wherein said computer compares said at least one actual radial value to said nominal values in order to determine a deviation from said nominal values; and
wherein said memory stores a programmable threshold value for said deviation and wherein said computer controls an additional grinding step when said deviation surpasses said threshold value.
2. A spectacle lens edge grinding machine according to claim 1, wherein said abutment is a ring positioned laterally adjacent to said at least one grinding wheel so as to be stationary relative to said grinding wheel, wherein the spectacle lens after grinding the spectacle lens contour is transferred from a position at said grinding wheel to a position at said abutment.
3. A spectacle lens edge grinding machine according to claim 2, wherein said ring is comprised of ring segments.
4. A spectacle lens edge grinding machine according to claim 2, wherein one of said rings is positioned on either side of said grinding wheel.
5. A spectacle lens edge grinding machine according to claim 2, further comprising a stationary splash guard enclosing tightly said at least one grinding wheel exclusive a grinding zone for grinding the spectacle lens, wherein said rings are connected to said splash guard.
6. A spectacle lens edge grinding machine according to claim 1, wherein said at least one abutment comprises a wedge-shaped groove for detecting said at least one actual radial value of the spectacle lens, wherein lateral sides of said wedge-shaped groove are positioned at an acute angle and wherein said acute angle is identical to a maximum acute angle of a V-shaped bevel of the spectacle lens.
7. A spectacle lens edge grinding machine according to claim 6, wherein said sensing head in addition to said wedge-shaped groove has a plane area for determining said at least one actual radial value of a tip of the V-shaped bevel of the spectacle lens.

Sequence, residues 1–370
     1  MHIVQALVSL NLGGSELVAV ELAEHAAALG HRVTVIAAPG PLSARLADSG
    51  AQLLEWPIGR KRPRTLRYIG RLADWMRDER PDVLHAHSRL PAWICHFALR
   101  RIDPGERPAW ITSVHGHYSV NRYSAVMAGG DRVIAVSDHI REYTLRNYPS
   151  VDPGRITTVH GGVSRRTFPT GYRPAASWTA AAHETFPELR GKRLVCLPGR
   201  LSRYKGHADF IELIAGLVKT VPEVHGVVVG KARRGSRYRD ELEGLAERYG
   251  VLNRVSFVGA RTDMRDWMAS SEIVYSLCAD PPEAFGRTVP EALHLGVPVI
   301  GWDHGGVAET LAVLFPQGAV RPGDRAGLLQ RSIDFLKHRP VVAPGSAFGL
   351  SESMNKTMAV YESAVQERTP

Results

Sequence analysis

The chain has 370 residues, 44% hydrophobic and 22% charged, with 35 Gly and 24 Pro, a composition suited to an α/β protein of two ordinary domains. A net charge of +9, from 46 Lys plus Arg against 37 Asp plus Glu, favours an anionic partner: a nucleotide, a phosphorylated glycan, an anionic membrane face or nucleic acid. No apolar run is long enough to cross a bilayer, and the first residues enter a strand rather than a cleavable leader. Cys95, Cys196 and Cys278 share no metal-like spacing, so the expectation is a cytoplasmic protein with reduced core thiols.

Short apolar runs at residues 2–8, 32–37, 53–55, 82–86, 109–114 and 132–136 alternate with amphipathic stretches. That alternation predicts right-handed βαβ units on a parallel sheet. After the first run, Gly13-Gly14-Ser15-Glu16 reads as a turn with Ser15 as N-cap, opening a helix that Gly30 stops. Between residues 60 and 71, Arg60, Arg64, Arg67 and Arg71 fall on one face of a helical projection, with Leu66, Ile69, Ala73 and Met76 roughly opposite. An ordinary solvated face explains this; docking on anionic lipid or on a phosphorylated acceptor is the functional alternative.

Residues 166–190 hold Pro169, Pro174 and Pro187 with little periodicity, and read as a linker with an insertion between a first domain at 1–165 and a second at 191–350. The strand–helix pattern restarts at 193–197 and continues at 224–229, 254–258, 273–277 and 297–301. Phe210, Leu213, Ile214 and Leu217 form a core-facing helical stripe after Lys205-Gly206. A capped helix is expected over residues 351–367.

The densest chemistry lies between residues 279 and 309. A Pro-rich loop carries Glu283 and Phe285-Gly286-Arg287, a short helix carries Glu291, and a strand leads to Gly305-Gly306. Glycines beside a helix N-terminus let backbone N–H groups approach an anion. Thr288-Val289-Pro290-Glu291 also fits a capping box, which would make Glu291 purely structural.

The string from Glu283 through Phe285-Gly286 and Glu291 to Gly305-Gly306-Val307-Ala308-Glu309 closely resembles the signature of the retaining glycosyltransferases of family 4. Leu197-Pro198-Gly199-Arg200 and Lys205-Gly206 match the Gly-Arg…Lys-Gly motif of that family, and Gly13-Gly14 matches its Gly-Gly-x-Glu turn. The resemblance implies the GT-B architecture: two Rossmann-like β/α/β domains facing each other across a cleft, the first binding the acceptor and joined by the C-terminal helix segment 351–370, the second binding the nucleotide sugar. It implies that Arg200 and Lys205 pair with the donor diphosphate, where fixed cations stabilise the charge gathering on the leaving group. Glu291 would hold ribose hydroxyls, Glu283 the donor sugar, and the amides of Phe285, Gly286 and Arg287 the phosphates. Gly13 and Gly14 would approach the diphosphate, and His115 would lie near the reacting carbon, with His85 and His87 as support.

8. A spectacle lens edge grinding machine according to claim 1, further comprising a drive comprising an adjustable clutch for radially displacing said at least one grinding wheel relative to said spectacle lens holding shaft, and further comprising a switching device acting on said clutch so as to reduce a transferred torque during measuring the actual value of said spectacle lens contour.
9. A spectacle lens edge grinding machine according to claim 8, further comprising a compound slide rest connected to said machine frame, wherein said at least one grinding wheel with said drive are connected to said compound slide rest so as to be displaceable relative to said spectacle lens holding shaft, wherein said transducer measures a displacement of said compound slide rest within said machine frame relative to the spectacle lens contour.
10. A spectacle lens edge grinding machine according to claim 1, wherein said transducer is a digital transducer.
11. A method for grinding the edge of a spectacle lens with a spectacle lens edge grinding machine, said method comprising the steps of:
a) measuring at least one actual radius of a predetermined angle at a peripheral point of a spectacle lens, ground to have a spectacle lens contour, relative to an abutment, wherein said actual radius is a radius of a circumferential V-shaped bevel of the spectacle lens and is measured relative to a wedge-shaped groove of the abutment;
b) inputting the at least one measured actual radius into a computer with a memory;